Beefy Boxes and Bandwidth Generously Provided by pair Networks
Perl Monk, Perl Meditation

Best way to kill a child process

by doylebobs (Novice)
on Sep 21, 2011 at 05:28 UTC ( #927075=perlquestion: print w/replies, xml ) Need Help??
doylebobs has asked for the wisdom of the Perl Monks concerning the following question:

I'm pretty much a newbie to Perl and am trying to write a script that forks. The child will use Net::RawIP and opens a packet capture descriptor and reads an unspecified number of packets. After 10 seconds, the parent, signals the child to terminate using a KILL signal. The problem is that a <defunct> process for the child remains, at least as far as ps -eaf is concerned. After one minute, the script restarts again. I need to be able to kill the child process after a specified length of time. Any suggestions on the best way to do this?

#!/usr/bin/perl use warnings; use strict; use Net::RawIP; use POSIX; daemonize(); while (1) { my $pid = fork(); print "Process number of script is $$\n"; unless (defined ($pid)) { die "Resources unavailable to fork\n"; } elsif ($pid == 0) { my $a = new Net::RawIP; my $p = $a->pcapinit("eth0","udp port 68",1500,30); my $f = ["User-defined message"]; loop $p,10,\&process_pkt,$f; } elsif ($pid) { for (my $i=0; $i <= 10; $i++ ) { sleep 1; print "in parent...$i seconds have elapsed...\n"; } print "killing child process $pid"; kill 9, $pid; sleep 60; } } # end of while loop sub process_pkt { print "packet captured\n"; my $raw_pkt = $_[2]; my $raw_data = unpack "H*", $raw_pkt; print $raw_data,"\n"; } sub daemonize { my $pid = fork(); exit if $pid; setsid(); }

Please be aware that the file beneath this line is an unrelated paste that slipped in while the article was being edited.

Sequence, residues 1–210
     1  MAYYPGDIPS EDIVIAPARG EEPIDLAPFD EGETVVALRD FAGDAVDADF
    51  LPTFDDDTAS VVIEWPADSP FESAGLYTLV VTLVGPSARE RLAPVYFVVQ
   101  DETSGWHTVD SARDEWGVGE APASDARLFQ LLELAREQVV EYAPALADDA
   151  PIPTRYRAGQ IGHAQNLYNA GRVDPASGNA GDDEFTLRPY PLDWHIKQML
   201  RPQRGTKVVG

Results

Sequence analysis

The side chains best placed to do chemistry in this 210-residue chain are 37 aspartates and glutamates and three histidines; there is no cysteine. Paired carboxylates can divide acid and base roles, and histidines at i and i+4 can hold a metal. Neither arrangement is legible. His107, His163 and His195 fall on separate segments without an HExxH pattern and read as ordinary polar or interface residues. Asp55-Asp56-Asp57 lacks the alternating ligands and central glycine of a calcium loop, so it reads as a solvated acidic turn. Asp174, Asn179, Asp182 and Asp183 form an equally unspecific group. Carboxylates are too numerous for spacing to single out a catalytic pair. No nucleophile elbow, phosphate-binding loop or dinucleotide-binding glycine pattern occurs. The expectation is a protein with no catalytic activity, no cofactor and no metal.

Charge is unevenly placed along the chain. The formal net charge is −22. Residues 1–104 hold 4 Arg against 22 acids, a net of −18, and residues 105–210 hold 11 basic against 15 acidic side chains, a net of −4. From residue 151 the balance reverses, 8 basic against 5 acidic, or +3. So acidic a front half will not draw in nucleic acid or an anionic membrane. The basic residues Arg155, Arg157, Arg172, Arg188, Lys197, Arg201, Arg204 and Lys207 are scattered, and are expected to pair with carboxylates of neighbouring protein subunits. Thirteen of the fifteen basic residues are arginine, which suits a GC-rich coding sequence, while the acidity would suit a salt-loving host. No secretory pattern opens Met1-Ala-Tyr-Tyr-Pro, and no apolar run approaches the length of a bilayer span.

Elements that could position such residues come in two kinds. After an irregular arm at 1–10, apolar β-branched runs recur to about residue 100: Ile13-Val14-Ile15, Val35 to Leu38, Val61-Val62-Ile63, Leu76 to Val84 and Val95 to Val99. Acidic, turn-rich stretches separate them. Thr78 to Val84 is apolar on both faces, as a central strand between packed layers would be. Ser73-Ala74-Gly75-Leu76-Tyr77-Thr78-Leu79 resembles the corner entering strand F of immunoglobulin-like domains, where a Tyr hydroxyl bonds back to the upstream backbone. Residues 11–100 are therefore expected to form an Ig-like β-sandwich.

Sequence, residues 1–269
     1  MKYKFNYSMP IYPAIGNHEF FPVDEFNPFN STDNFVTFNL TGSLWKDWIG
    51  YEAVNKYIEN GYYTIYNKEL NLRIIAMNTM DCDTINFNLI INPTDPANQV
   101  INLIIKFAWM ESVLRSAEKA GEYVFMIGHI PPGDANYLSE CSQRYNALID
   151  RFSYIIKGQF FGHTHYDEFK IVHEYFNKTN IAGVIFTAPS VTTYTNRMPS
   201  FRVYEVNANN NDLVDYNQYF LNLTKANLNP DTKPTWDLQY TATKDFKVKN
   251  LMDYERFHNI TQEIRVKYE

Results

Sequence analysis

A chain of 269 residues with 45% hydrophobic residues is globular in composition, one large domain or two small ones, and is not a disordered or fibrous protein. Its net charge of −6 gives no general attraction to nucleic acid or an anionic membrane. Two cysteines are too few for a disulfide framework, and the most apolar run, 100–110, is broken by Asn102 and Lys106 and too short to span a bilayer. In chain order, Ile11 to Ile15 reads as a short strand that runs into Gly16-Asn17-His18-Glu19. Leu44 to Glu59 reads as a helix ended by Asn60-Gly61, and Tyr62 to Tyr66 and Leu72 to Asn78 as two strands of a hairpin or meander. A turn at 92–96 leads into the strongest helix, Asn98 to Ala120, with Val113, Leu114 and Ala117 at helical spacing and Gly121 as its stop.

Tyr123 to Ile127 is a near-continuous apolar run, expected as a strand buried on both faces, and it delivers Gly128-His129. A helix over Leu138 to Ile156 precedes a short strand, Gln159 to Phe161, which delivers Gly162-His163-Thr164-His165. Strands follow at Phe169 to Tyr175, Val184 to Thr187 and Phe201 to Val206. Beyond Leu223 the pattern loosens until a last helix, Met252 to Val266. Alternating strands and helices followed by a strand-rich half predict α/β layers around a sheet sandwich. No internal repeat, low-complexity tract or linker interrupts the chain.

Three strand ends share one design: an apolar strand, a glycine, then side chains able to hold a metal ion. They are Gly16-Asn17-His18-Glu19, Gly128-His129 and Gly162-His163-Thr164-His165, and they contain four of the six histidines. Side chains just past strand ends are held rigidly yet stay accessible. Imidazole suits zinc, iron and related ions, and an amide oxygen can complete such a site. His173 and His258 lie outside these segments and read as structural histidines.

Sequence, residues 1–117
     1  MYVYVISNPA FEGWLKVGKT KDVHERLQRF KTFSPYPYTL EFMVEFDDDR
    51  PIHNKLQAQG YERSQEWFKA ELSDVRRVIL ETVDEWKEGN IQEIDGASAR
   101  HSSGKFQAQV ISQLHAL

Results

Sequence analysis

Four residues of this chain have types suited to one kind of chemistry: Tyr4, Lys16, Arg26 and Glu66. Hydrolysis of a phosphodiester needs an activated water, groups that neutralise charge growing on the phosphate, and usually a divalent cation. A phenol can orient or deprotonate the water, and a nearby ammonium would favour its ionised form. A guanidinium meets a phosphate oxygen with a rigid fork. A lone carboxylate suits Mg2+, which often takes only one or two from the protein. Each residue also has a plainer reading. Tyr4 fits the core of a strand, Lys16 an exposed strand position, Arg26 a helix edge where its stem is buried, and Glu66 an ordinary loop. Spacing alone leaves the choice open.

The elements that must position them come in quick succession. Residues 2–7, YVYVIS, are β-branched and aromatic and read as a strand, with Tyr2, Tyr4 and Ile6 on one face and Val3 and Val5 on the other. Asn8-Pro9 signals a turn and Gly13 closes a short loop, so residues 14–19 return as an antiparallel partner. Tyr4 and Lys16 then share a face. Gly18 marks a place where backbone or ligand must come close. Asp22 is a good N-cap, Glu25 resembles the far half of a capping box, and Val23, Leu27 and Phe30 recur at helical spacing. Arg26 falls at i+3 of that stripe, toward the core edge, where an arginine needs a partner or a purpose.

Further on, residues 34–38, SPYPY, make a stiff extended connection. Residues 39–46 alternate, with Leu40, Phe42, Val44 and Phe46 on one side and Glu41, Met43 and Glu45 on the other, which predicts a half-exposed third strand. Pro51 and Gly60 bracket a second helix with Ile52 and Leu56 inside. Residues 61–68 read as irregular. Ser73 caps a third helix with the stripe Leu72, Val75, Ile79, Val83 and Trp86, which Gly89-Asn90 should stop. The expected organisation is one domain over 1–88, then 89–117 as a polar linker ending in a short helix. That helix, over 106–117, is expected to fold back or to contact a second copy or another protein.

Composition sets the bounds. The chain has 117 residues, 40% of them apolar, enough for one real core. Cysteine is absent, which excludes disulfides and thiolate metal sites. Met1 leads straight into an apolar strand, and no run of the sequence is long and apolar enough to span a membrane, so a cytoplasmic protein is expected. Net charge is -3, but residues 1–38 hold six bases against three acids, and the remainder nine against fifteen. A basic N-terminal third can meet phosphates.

Replies are listed 'Best First'.
Re: Best way to kill a child process
by jwkrahn (Monsignor) on Sep 21, 2011 at 05:44 UTC
Re: Best way to kill a child process
by zentara (Archbishop) on Sep 21, 2011 at 10:26 UTC
    You are probably running into the common problem where you are actually getting the $pid of the shell, from fork(), which is actually running your desired forked program. You need to kill the shell and all it's descendants. Try:
    use Proc::Killfam; killfam 9, $pid;

    I'm not really a human, but I play one on earth.
    Old Perl Programmer Haiku ................... flash japh
Re: Best way to kill a child process
by MidLifeXis (Monsignor) on Sep 21, 2011 at 13:08 UTC

    See previous nodes (press Search after it loads) on the subject as well. In Unix they are called zombie processes.

    What you are seeing is that a data structure containing exit information from the process that died is waiting to be read by the parent process. The spot that the OS stores this information is in the process table (well, close enough for this discussion). You need to use wait or waitpid to capture the information. These functions tell the OS that it can now release the information and clear that slot in the process table.


Re: Best way to kill a child process
by Marshall (Abbot) on Sep 21, 2011 at 13:32 UTC